“Last year, the City’s “My LA 311” system received nearly 2.3 million service requests. However, contact methods have grown beyond simple phone calls to multiple, integrated ways of communicating, such as email, social media, web portal, and smartphone apps” said Los Angeles City Councilmember Paul Koretz, who heard the audit in the Committee that he Chairs, Personnel, Audits, and Animal Welfare. “If the COVID-19 pandemic has taught us anything, it is that the City of LA has an obligation to provide essential services to residents no matter where they live or how they choose to reach out, and we need to be better prepared to do so.”

"As with other City programs, the COVID-19 pandemic put extra stress on 311 with an increased volume of contacts, further highlighting the need for an improved system," said LA City Controller Ron Galperin. "I am grateful that our City Council adopted the recommendations from my audit, and recognizes that we need to create a plan that puts Angelenos first and suits the ever - evolving needs of our city today and in the decades to come."

Giving Local, Small Businesses A Bump in County and State Contract Bids

Councilmembers Paul Koretz, Bob Blumenfield and Marqueece Harris-Dawson introduced a motion requesting the City Attorney to prepare the documents needed to place a ballot measure before the voters in 2022 which would amend the City Charter to provide an additional contracting preference to businesses located in the City of Los Angeles.

The City Charter currently provides for a bid preference for businesses that are “local,” defined as businesses located in the County of Los Angeles or the State of California. However, the City is currently prohibited from providing an additional bid preference on contracts for businesses that are located within the boundaries of the City of LA. If the Charter is amended to add "City of Los Angeles" to the definition of “local,” the City would then be permitted to have an additional preference for businesses which are located within the geographic boundaries of the City of Los Angeles.

"The City of LA is already one of the most expensive places in the country to do business, creating a climate in which businesses are forced to compete against firms with lower labor and business costs from neighboring cities, counties and states," said Councilmember Paul Koretz. "This proposed Charter Amendment is a no-brainer and an opportunity to provide a bump to hundreds of local, small businesses – many of which have been seriously impacted by the pandemic and have struggled to stay afloat over the last 15 months."

According to the National Institute for Public Procurement (NIPP), models of local bid preferences across the country have assisted municipalities in setting and achieving social policy goals to assist residents and improve and protect the local economy.  The NIPP further pointed out, “As local tax dollars are spent in a local economy, more jobs are maintained or created and income is generated for residents.” In 2019-2020 the City of Los Angeles awarded nearly $3 billion in contracts, approximately $600 million of which went to businesses headquartered in the County of Los Angeles. The benefit of keeping these tax dollars spent on contracts in the City of Los Angeles could have a substantial positive impact on the development, enrichment, growth, expansion and retention of the local business community and the City’s workforce.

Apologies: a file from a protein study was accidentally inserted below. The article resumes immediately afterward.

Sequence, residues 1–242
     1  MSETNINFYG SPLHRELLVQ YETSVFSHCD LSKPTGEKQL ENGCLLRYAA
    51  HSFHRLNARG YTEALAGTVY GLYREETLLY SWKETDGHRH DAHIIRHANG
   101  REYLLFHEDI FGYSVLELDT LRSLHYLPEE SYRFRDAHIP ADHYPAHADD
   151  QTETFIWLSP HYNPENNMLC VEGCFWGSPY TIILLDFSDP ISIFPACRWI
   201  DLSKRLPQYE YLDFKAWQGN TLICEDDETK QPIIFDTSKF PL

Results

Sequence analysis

Community Updates Banner

Redistricting Commission To Hold Public Hearing for the Fifth Council District - Wednesday, July 7th

The Los Angeles City Council Redistricting Commission (LACCRC) has developed a calendar for Public Hearings that will provide residents across our vast and diverse City the opportunity to talk about their “communities of interest”, a fundamental component of drawing new Council District boundaries.

A public hearing for CD5 is proposed for Wednesday, July 7th at 6:00 p.m. in a virtual format. 15 council district hearings and 4 regional-scale hearings will run from July 1st through September 25th. The Commission will follow a standard format for introducing the Redistricting process and receiving public testimony from as many residents as possible about their perceptions of their “communities of interest”.

To RSVP, please send an email to redistricting.lacity@lacity.org

For more information, go to http://redistricting2021.lacity.org/LACCRC

Ridgeline Protection Public Comment Period Extended

After eight years of hard work, the Ridgeline Protection Ordinance, authored by Councilmember Koretz, is finally moving through the City process. 

On June 17th, City Planning held a public hearing on the proposed Ridgeline Protection Ordinance (Case No. CPC-2021-3001-CA) and proposed Zone Change Ordinance (Case No. CPC-2021-3059-ZC) to apply the Ridgeline Protection regulations.

My staff has been meeting with, as well as reading and listening closely to the comments of homeowners, and agree that while we need to stop the exploitation of our hillsides, the current ordinance may be too restrictive when it comes to long established communities on ridgelines. The intent of the motion was never to render entire communities legal non-conforming or to prohibit modest additions to an existing home. I assure you that the draft ordinance as written will be amended by the Department of City Planning to strike a regulatory balance.